The Corner

Law & the Courts

Better Than Whose Originalism?

The U.S. Supreme Court building in Washington, D.C. (Molly Riley/Reuters)

Four conservative legal thinkers have written a jurisprudential manifesto in favor of “A Better Originalism,” by which they mean an originalism that accepts that the proper enterprise of judging includes taking account of moral truths. They set themselves against what they call the “morally neutered, overtly positivist approach to reading legal texts” that Justice Neil Gorsuch showed in Bostock, in which he wrote the majority opinion holding that the Civil Rights Act of 1964 prohibits discrimination based on sexual orientation or transgender status.

But their argument is, at least implicitly, not just against the six justices in the majority in that case. It’s also, and more immediately, against the dissenters. Justices Thomas, Alito, and Kavanaugh wrote that the majority was improperly applying originalism in the case, and that a proper application would yield the opposite decision. If their argument was sound, then we don’t need a new kind of originalism as much as we just need two more justices like those three. What I’d like this quartet to address, separately or together, is what they think those dissenting justices should have said that they didn’t, and why it would have been better than what they did say.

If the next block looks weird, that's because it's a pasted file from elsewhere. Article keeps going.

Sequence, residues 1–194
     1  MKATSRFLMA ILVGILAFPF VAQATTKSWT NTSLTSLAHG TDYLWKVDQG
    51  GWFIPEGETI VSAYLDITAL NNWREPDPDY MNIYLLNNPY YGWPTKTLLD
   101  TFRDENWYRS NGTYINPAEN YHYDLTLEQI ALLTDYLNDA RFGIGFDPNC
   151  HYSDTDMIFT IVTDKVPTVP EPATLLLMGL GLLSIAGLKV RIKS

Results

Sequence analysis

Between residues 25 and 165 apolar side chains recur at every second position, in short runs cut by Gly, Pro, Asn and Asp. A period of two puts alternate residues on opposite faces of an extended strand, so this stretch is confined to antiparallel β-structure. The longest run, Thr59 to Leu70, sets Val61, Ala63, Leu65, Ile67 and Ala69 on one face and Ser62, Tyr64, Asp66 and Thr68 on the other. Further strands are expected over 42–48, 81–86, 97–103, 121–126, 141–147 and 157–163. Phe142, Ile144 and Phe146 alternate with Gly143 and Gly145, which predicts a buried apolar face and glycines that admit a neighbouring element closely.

Ramesh Ponnuru is a senior editor for National Review, a columnist for Bloomberg Opinion, a visiting fellow at the American Enterprise Institute, and a senior fellow at the National Review Institute.


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